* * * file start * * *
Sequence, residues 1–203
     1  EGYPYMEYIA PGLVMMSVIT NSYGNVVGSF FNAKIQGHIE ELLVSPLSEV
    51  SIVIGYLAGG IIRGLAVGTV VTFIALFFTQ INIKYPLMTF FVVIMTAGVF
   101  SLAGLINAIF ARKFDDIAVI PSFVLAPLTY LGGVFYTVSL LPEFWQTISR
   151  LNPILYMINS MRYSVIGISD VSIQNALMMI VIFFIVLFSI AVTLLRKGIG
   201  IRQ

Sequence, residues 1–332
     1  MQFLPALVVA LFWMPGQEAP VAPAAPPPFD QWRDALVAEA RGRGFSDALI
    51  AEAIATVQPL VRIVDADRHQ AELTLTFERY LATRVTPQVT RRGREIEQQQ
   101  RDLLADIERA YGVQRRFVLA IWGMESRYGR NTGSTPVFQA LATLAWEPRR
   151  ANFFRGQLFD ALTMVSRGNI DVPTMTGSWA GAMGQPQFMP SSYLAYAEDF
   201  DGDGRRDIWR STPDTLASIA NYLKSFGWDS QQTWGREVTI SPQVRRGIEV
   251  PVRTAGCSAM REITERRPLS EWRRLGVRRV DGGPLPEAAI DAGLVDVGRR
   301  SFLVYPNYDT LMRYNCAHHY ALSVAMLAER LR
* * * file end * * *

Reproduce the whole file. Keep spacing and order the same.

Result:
Sequence, residues 1–203
     1  EGYPYMEYIA PGLVMMSVIT NSYGNVVGSF FNAKIQGHIE ELLVSPLSEV
    51  SIVIGYLAGG IIRGLAVGTV VTFIALFFTQ INIKYPLMTF FVVIMTAGVF
   101  SLAGLINAIF ARKFDDIAVI PSFVLAPLTY LGGVFYTVSL LPEFWQTISR
   151  LNPILYMINS MRYSVIGISD VSIQNALMMI VIFFIVLFSI AVTLLRKGIG
   201  IRQ

Sequence, residues 1–332
     1  MQFLPALVVA LFWMPGQEAP VAPAAPPPFD QWRDALVAEA RGRGFSDALI
    51  AEAIATVQPL VRIVDADRHQ AELTLTFERY LATRVTPQVT RRGREIEQQQ
   101  RDLLADIERA YGVQRRFVLA IWGMESRYGR NTGSTPVFQA LATLAWEPRR
   151  ANFFRGQLFD ALTMVSRGNI DVPTMTGSWA GAMGQPQFMP SSYLAYAEDF
   201  DGDGRRDIWR STPDTLASIA NYLKSFGWDS QQTWGREVTI SPQVRRGIEV
   251  PVRTAGCSAM REITERRPLS EWRRLGVRRV DGGPLPEAAI DAGLVDVGRR
   301  SFLVYPNYDT LMRYNCAHHY ALSVAMLAER LR